Today two presentations of interest are found in the session, Conundrum - A Diverse Mix of Approaches to Nutrition and Diabetes Education, scheduled for 4:15PM.
In the first, Efficacy and Safety of Carbohydrate Restriction Diets in Obese Type 2 Diabetes, researchers evaluated the efficacy and safety of carbohydrate restricted diets compared with the conventional prescribed dietary approach for those with type II diabetes. They conclude "Carbohydrate restriction is an effective means of weight loss in type 2 diabetes over 6mths, associated with reduced waist circumference. Furthermore it was not associated with any deleterious effect on glycaemic control, other risk factors or renal safety over a 6mth period."
Within this study group, there were two statistically significant findings between the diets - weight loss and reduction of waist circumference. In all other measures, the differences did not reach significance, but were greater in those following the low-carb diet.In the second study, A Randomized, Controlled Trial of a Low-Glycemic Index vs. a Low-Carbohydrate, Ketogenic Diet for Type 2 Diabetes, researchers evaluated differences between a very low-carb diet (ketogenic) and a low glycemic index diet (good carb). Again, the better approach was a low-carb diet. The researchers conclude, "Both lifestyle interventions led to medication reduction, weight loss, and improved glycemic control, but the LCKD led to a greater reduction in HgbA1c after 3 months."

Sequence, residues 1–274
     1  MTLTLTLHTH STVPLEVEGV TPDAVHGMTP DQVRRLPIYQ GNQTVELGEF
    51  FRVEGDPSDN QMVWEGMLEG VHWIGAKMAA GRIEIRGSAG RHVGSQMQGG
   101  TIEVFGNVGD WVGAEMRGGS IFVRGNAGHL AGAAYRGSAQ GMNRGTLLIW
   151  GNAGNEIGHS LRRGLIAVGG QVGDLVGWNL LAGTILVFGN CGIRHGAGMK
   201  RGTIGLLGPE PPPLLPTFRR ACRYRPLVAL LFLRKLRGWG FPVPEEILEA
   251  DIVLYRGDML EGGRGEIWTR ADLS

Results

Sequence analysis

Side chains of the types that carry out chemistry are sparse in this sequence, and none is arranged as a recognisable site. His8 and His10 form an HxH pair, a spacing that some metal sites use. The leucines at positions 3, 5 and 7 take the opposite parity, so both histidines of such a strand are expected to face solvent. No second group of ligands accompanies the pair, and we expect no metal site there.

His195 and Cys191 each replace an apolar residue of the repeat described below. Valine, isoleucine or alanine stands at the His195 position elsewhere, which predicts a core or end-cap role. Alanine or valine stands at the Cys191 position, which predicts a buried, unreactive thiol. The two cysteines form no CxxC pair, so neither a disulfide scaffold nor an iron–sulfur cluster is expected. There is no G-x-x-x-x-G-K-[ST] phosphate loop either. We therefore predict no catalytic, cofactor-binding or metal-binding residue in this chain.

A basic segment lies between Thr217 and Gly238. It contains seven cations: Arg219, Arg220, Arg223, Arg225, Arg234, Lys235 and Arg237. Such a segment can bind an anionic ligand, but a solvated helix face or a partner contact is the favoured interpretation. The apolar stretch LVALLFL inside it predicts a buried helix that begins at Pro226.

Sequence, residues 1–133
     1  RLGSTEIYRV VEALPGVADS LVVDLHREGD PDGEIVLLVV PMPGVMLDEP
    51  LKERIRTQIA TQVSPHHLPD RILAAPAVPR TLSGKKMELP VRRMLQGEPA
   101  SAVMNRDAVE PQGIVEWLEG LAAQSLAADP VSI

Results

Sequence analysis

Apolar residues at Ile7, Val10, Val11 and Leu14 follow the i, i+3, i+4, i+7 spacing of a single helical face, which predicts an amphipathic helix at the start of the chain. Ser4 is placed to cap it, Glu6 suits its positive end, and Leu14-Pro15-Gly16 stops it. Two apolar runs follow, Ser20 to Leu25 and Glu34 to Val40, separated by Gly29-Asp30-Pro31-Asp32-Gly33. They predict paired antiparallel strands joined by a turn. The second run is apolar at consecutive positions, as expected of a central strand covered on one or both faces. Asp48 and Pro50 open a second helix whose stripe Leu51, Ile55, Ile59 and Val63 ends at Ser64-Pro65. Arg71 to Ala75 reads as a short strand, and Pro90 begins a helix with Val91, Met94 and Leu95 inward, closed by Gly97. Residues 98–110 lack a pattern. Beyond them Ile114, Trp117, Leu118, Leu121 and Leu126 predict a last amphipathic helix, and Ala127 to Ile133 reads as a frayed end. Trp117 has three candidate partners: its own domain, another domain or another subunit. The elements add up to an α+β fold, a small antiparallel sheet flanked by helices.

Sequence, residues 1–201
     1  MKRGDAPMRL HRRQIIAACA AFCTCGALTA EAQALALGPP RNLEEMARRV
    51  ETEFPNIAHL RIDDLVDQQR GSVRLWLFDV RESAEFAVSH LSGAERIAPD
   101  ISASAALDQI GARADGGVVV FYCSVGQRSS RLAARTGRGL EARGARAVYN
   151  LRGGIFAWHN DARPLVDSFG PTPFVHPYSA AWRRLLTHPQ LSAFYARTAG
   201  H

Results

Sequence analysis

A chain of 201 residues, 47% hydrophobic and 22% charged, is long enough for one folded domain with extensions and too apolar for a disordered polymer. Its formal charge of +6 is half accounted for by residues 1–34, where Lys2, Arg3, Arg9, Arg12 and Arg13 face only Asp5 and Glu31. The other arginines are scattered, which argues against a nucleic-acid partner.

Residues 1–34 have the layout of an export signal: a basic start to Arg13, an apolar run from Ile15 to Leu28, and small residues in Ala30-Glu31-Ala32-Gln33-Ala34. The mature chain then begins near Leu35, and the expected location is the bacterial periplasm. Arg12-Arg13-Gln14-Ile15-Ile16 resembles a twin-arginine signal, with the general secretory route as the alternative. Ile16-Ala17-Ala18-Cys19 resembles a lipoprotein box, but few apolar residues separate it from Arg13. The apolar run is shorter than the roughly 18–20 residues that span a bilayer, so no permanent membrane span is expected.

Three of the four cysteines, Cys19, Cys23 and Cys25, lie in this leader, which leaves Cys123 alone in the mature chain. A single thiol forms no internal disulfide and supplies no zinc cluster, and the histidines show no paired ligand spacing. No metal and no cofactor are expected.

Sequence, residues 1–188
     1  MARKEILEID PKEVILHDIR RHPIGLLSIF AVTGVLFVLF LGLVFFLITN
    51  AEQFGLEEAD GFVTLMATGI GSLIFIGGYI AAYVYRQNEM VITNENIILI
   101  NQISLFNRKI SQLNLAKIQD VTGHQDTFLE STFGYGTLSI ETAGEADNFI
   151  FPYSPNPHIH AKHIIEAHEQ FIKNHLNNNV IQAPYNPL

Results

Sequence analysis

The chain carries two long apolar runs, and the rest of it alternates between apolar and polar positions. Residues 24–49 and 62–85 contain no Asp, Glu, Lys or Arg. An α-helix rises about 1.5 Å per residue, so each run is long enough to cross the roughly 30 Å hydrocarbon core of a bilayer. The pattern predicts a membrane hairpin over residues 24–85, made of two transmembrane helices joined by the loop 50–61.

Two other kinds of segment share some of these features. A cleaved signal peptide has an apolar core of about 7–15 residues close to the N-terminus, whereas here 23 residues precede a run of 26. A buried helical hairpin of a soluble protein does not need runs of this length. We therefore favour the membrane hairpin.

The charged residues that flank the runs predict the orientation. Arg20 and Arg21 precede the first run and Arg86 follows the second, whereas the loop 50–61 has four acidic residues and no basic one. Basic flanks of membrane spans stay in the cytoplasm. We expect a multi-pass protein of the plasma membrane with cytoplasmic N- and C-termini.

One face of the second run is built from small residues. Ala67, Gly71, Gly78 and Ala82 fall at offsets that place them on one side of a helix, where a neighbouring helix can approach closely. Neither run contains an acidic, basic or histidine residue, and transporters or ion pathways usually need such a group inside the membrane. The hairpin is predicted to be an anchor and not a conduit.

It's important to note that 79% of those assigned the low-carb diet either reduced or eliminated their medications within the three month trial. This is a finding consistent with numerous other studies evaluating a low-carb diet - reduction or elimination of medication in a relatively short period of time.
In previous years similar findings such as these have been presented at the annual Scientific Sessions. Yet, they remain ignored by the ADA and those considered "expert" in the management and treatment of diabetes within the organization. I personally find this dismissal of evidence not only contrary to the standards of evidence-based medicine, but also a major breach of trust between the leading diabetes organization, healthcare professionals on the frontlines of an epidemic of diabetes and the public.
I've previously written some scathing words here about the ADA:
- It's Your Heath - What are you Going to Do About It?
- Diabetes: Are we Angry Yet?
- Type II Diabetes: Food for Thought
- Diabetics Must Demand Accountability from the ADA
- Can we Cure Type II Diabetes?
I remain of the opinion that the ADA must accept the evidence as it stands - evidence that for decades has found the dietary recommendation they advance is inferior to other approaches - specifically carbohydrate restricted diets. Millions of people in the United States - MILLIONS - are already living with type II diabetes, millions more are already pre-diabetic. If the ADA does not rethink their standards of care, I fear that number will only continue to rise in both our youth and adults in the United States.I've said it before, and I'll say it again - we have the evidence, we have the hard data, we have thousands already off diabetic medication following a low-carb diet...when will we accept it and finally take an evidence-based approach and actually run with it to reverse this epidemic?
When will the ADA be held accountable to the millions already diagnoised with diabetes and the millions more on the road to diabetes?